RSA Education has begun a new partnership with Service Children’s Education, the agency responsible for the children of Ministry of Defence personnel, service and civilian, who are based overseas. SCE currently provides education for over 10,000 pupils in 38 schools in nine countries.
To begin the partnership, I spent two fascinating, inspiring days at JHQ, a garrison in Rheindahlen near Dusseldorf that serves as the central headquarters of the British Forces in Germany. JHQ will close next year, and the start of this process has been wonderfully documented by pupil Callum Kelly through his Gold Arts Award.
We are working with SCE to help them think through their education offer during a time of considerable change for the organisation, and plan some projects that connecting their schools to our work on Opening Minds and the Area-Based Curriculum. This builds on some fantastic work SCE schools did through Creative Partnerships, including this animation that connected primary pupils at St Patrick’s School to their grandparents back in the UK.
Overall, I was struck by both the deep similarities and the subtle but significant differences between SCE schools and schools back here in England. Staff attrition is lower but pupil turnover much higher; teachers are ‘deployed’ as civil servants; headteachers do not have control of their own budgets, but, with the power of Commanding Officers, can issue parking tickets, and are informed immediately if their teachers ever have contact with the Military or host nation’s police!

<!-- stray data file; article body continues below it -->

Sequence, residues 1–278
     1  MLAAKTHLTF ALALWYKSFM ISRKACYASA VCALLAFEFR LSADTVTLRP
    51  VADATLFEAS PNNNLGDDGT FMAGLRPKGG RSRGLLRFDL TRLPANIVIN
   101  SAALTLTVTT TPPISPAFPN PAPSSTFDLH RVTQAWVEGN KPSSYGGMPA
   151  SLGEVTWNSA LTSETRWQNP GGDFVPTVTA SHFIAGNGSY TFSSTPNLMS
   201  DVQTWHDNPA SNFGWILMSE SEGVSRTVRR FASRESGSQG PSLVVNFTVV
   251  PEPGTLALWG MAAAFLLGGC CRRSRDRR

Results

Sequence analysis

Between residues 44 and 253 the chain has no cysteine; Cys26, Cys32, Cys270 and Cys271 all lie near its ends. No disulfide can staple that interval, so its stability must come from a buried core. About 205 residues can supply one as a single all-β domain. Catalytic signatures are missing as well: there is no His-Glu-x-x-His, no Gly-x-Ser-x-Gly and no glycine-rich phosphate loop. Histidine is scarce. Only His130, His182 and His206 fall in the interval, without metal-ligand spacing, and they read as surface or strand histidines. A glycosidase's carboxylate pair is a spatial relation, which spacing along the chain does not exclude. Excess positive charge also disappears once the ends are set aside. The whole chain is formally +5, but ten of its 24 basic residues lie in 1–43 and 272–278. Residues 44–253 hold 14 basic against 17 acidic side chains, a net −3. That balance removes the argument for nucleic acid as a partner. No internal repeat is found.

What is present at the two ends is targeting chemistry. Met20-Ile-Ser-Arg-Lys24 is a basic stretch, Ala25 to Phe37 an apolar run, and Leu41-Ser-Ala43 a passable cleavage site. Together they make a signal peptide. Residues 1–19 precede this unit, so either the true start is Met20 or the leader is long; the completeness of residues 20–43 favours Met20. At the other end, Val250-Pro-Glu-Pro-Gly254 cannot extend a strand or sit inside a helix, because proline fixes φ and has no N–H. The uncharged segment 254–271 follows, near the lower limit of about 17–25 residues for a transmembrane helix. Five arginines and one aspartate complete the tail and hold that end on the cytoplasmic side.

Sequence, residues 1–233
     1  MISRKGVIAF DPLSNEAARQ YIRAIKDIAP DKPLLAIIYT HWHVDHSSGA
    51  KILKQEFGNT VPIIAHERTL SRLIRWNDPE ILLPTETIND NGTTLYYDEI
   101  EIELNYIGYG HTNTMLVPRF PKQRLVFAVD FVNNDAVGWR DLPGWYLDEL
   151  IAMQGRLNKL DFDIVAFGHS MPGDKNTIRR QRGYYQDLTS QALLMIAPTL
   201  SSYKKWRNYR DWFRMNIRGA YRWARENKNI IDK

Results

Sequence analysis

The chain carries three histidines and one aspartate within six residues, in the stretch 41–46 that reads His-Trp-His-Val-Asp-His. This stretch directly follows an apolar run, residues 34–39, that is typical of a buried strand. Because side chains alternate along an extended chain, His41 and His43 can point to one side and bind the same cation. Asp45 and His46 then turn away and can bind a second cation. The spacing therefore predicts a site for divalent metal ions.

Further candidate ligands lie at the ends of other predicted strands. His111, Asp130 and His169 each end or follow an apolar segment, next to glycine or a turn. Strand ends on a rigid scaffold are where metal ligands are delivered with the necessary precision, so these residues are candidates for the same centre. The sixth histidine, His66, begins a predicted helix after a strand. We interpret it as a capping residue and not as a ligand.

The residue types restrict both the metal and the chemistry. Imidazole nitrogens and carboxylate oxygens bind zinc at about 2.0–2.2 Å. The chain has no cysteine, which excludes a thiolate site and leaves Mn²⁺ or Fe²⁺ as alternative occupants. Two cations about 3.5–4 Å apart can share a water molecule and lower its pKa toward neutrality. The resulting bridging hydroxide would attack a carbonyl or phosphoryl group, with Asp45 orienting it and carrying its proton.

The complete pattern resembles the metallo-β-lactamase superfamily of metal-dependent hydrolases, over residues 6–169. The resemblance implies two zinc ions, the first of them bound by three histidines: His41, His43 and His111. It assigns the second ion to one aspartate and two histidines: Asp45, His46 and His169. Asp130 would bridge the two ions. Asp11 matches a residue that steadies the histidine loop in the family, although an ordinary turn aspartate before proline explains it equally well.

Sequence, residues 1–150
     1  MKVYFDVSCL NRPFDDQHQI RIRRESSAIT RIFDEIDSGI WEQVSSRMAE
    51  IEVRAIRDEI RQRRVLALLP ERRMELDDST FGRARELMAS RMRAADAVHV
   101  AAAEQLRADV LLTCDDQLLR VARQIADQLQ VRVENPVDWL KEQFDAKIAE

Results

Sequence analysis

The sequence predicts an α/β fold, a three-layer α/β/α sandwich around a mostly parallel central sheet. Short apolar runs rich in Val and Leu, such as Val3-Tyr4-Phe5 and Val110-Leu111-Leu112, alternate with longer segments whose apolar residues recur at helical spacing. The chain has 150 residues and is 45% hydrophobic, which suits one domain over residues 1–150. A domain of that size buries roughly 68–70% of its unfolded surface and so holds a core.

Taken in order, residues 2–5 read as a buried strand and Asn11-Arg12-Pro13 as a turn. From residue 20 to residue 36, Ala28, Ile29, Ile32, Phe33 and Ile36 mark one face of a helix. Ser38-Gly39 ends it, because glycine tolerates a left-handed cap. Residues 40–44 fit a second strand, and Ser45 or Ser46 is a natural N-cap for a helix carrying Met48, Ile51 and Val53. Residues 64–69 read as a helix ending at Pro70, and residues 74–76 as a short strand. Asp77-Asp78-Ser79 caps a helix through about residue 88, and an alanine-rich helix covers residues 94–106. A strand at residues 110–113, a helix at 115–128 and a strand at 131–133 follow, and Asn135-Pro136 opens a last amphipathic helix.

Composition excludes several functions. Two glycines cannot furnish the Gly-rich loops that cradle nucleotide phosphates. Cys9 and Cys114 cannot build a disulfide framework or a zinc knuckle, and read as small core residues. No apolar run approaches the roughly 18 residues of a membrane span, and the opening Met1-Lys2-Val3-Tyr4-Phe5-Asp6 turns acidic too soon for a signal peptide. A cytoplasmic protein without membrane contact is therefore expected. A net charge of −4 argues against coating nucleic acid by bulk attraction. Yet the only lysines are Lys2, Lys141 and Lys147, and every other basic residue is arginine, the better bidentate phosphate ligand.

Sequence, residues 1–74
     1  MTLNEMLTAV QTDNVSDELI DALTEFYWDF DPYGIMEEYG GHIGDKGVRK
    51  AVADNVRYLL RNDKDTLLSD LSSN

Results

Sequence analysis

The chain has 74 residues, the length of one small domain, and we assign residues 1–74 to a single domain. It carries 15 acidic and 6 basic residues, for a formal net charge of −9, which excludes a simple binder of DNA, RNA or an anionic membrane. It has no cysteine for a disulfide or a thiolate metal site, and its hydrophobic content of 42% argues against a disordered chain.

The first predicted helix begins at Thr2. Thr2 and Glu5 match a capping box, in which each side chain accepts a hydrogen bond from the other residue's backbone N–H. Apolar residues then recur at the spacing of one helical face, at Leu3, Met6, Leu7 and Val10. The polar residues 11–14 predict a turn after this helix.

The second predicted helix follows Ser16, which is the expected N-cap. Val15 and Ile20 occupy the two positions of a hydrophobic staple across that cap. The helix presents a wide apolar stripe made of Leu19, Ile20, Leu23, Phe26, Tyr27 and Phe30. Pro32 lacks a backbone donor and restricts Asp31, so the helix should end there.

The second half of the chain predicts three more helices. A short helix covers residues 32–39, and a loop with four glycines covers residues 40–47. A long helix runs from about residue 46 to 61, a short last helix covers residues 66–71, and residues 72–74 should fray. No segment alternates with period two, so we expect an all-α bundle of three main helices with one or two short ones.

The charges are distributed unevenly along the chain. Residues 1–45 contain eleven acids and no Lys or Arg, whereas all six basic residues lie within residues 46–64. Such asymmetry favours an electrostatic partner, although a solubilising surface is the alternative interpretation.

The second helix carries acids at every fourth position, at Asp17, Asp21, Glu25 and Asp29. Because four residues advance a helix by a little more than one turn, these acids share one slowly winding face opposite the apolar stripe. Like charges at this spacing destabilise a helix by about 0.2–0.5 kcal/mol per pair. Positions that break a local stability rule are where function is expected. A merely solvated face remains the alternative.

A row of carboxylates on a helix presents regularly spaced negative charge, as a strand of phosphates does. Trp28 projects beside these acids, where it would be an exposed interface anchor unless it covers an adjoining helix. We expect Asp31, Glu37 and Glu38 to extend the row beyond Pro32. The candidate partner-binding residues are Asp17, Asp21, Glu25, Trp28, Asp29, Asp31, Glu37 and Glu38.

It is clear that SCE schools are delivering a high quality education for their pupils. Their schools, leaders and teachers have expertise, especially around mobility and bereavement issues, as well as around closing schools properly, that the rest of our system needs to learn from. The Year Six and Eight pupils I spoke to handle their own regular ‘redeployments’ with resilience (as well as with Skype and Facebook). The two schools I visited were a highly creative and clearly deserve their Artsmark Gold awards. Windsor school has taken on the challenge of disconnection and isolation to make sure that, despite being on a garrison, their students experience as many external learning opportunities as possible. Teacher Chris Scholl’sComenius project has connected pupils to other countries, and to help them explore aspects of their own identities.
The passion that the two remaining JHQ schools showed for ensuring a fantastic final year for their staff and students is extraordinary. The schools wish both to carry on as usual, and mark the end of the schools and JHQ through celebration as a ‘teachable moment’. We are exploring options for a Heritage Lottery Fund project, led by schools, but exploring the history of the whole garrison.
In many ways, SCE operates like an old fashioned local authority, in the best sense of the word. The inspectors and advisers have the up to date knowledge, resources and authority to make a real difference to school improvement. Schools appear to have the autonomy they need to do the job well, without some of the burdens that control over budgets, staffing and governance bring. With a reduction in schools and personnel this may change in the years ahead, and SCE is already thinking deeply and carefully about new structures and partnerships. However, there is something precious and special about the existing infrastructures and relationships, and even some of the quirkier rules and regulations, linked to their ties to the Ministry of Defence. We hope that, in the year ahead, RSA can help SCE and its schools to design their own future, rather than have an outsourced solution thrust upon them.